This I Believe

Patricia - Milton, Florida
Entered on August 1, 2006
Age Group: 50 - 65
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This I believe.

I believe in my mom’s way.

There were seven of us. She never hit us, not that I can remember. But then we never dared do anything that might cause her to want to. She made her expectations clear, using no more words than were absolutely necessary, and gave out praise only if super-human effort had been expended, and as if there was only so much of it to be had, so it had to be rationed carefully.

I was raised in what I would call a “strict Catholic” environment. I learned about the seven sacraments, the Ten Commandments, and some unknown number of “Gifts of the Holy Spirit”, most of which I can’t remember. One I do remember was called “Fear of the Lord”, and I remember it because I couldn’t figure out why it was called a gift. And I knew that whether I received this gift or not, I wasn’t near as scared of disappointing the Lord as I was of disappointing mom. I hadn’t really had a lot of personal dealings with the Lord, after all, but I definitely knew my mom. Over the years, I’ve learned that what I knew as fear back then was actually that thing Aretha sings about, and it’s spelled r-e-s-p-e-c-t.

At some point during my teen years, I decided there was a better way than mom’s, and I made up my mind that I was going to be different. I was going to talk to my kids more, give a detailed explanation (not just “because I said so”) when I said no, always tell them what a great job they did, and do more for and with them. If they asked me for help with their homework, I wouldn’t tell them to first go to their room and try to and do it themselves. I was going to provide all the things I felt I had been deprived of in my upbringing.

As my boys grew up, I was super mom. Den mother, room mother, PTA volunteer, sports booster. My kids would think nothing of saying that they had a science project due on Monday when it happened to be Sunday at 7:00 p.m.. “Mom”, (that’s me) would naturally drop everything and run to the store to buy the requisite poster paper and other needed supplies. No matter that if I or any of my siblings had told my mother that we had a science project due the next day (which we would never ever in a million years do), she would have said…..”Well, Patricia, looks like you’ve make a really bad choice which will result in a zero grade on that science project.”. Not that we ever did that, heck no, I would work for weeks on the science project, which my mother MIGHT take a second glance at and tell me that a word was spelled wrong in the 1st sentence in the 2nd paragraph, but that on the whole, I had done an adequate job. At which point I would beam with pride. If mom said that something was adequate, you knew it was darn good, and chances were you’d get an “A”. I was convinced that if I did more for my kids than my mom did for me, that they couldn’t help but be successful.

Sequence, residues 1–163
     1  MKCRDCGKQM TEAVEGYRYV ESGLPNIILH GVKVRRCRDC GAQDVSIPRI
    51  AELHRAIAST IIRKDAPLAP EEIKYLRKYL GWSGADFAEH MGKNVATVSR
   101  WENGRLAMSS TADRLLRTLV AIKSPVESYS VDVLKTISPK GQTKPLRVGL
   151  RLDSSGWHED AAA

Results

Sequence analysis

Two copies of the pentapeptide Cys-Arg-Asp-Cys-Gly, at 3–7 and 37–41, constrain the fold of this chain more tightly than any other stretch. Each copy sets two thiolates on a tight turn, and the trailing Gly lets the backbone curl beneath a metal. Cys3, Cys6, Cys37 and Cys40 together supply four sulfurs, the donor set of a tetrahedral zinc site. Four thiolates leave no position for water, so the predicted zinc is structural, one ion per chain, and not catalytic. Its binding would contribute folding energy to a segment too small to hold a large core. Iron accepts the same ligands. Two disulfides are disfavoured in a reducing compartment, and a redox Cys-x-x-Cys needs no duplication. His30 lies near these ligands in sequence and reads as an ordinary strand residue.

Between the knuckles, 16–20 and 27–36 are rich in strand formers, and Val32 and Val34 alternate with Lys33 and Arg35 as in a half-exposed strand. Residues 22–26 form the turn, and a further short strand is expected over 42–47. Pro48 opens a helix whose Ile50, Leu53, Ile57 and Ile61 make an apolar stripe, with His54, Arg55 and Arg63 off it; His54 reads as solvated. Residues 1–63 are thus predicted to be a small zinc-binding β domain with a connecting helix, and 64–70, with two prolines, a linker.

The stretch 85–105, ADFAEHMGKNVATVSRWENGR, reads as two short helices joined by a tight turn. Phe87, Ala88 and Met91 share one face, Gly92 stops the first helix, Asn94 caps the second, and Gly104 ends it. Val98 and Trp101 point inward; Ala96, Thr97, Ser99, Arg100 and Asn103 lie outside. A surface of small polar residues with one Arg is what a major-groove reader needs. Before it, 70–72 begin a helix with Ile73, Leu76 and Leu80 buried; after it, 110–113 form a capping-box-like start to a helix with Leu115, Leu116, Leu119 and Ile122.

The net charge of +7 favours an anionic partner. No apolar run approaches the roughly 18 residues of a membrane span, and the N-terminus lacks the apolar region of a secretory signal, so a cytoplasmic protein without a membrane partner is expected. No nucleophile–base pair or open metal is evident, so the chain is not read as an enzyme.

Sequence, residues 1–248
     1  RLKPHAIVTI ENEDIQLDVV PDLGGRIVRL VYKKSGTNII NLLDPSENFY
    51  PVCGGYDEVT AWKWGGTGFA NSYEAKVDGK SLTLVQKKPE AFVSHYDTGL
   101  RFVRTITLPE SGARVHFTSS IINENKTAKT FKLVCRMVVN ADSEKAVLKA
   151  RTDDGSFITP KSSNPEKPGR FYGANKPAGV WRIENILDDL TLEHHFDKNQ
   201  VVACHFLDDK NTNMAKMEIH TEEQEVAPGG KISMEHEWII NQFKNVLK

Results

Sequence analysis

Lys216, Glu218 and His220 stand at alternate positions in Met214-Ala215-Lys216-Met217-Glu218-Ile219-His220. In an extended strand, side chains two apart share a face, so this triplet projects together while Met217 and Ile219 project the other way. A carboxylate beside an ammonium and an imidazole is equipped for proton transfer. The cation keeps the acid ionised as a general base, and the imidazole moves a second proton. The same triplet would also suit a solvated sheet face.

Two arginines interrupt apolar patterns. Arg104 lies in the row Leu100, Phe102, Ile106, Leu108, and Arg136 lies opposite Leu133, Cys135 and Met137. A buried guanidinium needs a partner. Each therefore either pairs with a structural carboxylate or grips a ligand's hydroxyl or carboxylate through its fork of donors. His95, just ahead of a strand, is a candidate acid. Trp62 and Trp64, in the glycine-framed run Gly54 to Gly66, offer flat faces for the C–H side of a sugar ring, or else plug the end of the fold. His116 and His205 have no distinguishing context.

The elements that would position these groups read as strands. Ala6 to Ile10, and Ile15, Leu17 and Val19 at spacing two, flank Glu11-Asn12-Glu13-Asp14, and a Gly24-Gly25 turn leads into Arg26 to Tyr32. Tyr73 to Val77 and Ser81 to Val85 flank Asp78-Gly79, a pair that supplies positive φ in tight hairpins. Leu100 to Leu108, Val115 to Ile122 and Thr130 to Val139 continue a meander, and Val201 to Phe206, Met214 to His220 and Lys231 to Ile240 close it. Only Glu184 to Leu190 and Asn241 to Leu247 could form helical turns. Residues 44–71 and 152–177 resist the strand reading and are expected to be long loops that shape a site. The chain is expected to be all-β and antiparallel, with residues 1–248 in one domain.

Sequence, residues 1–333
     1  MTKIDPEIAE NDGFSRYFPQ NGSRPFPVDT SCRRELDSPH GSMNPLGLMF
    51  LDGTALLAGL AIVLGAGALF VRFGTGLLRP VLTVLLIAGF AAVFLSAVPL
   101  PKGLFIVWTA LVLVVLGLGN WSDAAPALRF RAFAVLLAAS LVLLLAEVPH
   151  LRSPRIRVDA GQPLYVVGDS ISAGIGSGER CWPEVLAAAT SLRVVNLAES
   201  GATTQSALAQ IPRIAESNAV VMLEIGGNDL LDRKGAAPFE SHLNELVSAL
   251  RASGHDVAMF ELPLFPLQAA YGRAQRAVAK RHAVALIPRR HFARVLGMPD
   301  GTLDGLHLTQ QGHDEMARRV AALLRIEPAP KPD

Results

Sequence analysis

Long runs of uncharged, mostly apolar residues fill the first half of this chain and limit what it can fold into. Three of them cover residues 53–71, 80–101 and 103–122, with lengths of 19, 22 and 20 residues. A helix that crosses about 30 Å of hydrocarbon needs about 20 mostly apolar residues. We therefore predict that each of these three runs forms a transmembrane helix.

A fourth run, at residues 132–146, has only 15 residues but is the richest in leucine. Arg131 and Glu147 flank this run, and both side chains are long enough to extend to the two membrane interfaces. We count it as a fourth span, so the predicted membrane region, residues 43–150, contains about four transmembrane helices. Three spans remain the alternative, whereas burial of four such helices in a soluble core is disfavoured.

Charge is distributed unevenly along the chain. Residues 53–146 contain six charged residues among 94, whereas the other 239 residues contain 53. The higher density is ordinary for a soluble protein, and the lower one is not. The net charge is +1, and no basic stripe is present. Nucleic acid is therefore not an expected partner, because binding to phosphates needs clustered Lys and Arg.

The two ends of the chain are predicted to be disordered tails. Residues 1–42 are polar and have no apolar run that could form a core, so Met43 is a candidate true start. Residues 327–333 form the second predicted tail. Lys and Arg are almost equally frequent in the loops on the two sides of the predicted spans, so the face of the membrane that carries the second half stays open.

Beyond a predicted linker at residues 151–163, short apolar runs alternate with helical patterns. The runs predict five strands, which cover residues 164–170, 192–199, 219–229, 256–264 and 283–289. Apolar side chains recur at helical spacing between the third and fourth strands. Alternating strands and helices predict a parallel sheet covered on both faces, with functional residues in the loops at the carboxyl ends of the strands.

What I missed about the whole deal was that if someone does something for you, you have no ownership. Pride can’t grow without planting the seed of personal accomplishment. Working for a good grade or doing a chore for a monetary reward is taking the wrong road to get to the right place.

I work in a credit union and I’ve never seen a mom come in with seven children. I guess when people have lots of kids these days, they don’t bring them out anywhere. I have, however, seen moms come in with one or two that they absolutely couldn’t handle. Kids that run into places they shouldn’t, kids that grab everything in sight, and kids that throw temper tantrums if their moms don’t do exactly as ordered. When I see them, I remember how it was “in my day”, when we walked in a public place with dignity and respect, said please and thank you without being told to, spoke only when spoken to, and just knew that if we ever wandered anywhere beyond my mother’s line of vision, the earth would open up and swallow us whole.

When my siblings and I get together, very often the topic is how mean mom was. “Remember when she wouldn’t let you go to the beach with your friends every weekend”? “Remember how she made us practice the piano for an hour every day”? “Remember how she used to make us get the little ones dressed and ready to go to school”? “Remember how she made us go to church every Sunday”? “Remember how we had to do chores every day”? “Remember how she made us write a thank you note for any gift we ever received”? Why, today these things seem to qualify as child abuse, but they were the things that taught us personal responsibility and never let us take even the smallest privileges for granted.

I believe in my mom’s way. I believe that you can’t and shouldn’t be friends with your kids. I believe kids should have to earn every dollar and every privilege. I believe that you have to have the intestinal fortitude to let your children fail, and to let them learn about consequences at an early age. I believe that being scared of, being mad at, and yes, even sometimes saying you hated your mom is natural and healthy. I believe that the real problem is that it’s harder to say no than to say yes. I believe that love isn’t all presents and rewards and smiles, sometimes it’s criticism and challenges and rules.

I’m not writing this as a tribute to my mom, although it could be taken as one. I’m writing it because maybe some parent, wondering if they’re doing the right thing, might need some reinforcement. I’m writing it because I see parents today who let their children run their lives. I’m writing it because I did it wrong, and I was taught to admit my mistakes. There are thousands of books on parenting, some touting money-back-guaranteed ways of making sure your kids come out right. You can read them if you want to, but I can save you the time. Do it like my mom did. She was right. That’s what I believe.